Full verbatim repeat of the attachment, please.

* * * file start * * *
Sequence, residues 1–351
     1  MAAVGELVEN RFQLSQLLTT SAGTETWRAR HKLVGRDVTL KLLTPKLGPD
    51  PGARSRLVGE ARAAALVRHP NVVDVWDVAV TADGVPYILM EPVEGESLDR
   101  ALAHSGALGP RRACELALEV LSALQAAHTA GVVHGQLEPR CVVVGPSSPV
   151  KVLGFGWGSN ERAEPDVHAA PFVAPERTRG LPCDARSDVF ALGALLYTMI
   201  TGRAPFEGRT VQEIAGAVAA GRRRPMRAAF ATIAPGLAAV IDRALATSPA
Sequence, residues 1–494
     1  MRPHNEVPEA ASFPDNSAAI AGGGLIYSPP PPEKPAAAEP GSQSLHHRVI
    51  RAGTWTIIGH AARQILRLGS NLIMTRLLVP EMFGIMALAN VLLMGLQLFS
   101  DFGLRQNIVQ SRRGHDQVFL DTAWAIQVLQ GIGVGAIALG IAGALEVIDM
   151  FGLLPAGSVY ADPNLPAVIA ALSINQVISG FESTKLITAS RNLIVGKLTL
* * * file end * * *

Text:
Sequence, residues 1–351
     1  MAAVGELVEN RFQLSQLLTT SAGTETWRAR HKLVGRDVTL KLLTPKLGPD
    51  PGARSRLVGE ARAAALVRHP NVVDVWDVAV TADGVPYILM EPVEGESLDR
   101  ALAHSGALGP RRACELALEV LSALQAAHTA GVVHGQLEPR CVVVGPSSPV
   151  KVLGFGWGSN ERAEPDVHAA PFVAPERTRG LPCDARSDVF ALGALLYTMI
   201  TGRAPFEGRT VQEIAGAVAA GRRRPMRAAF ATIAPGLAAV IDRALATSPA
Sequence, residues 1–494
     1  MRPHNEVPEA ASFPDNSAAI AGGGLIYSPP PPEKPAAAEP GSQSLHHRVI
    51  RAGTWTIIGH AARQILRLGS NLIMTRLLVP EMFGIMALAN VLLMGLQLFS
   101  DFGLRQNIVQ SRRGHDQVFL DTAWAIQVLQ GIGVGAIALG IAGALEVIDM
   151  FGLLPAGSVY ADPNLPAVIA ALSINQVISG FESTKLITAS RNLIVGKLTL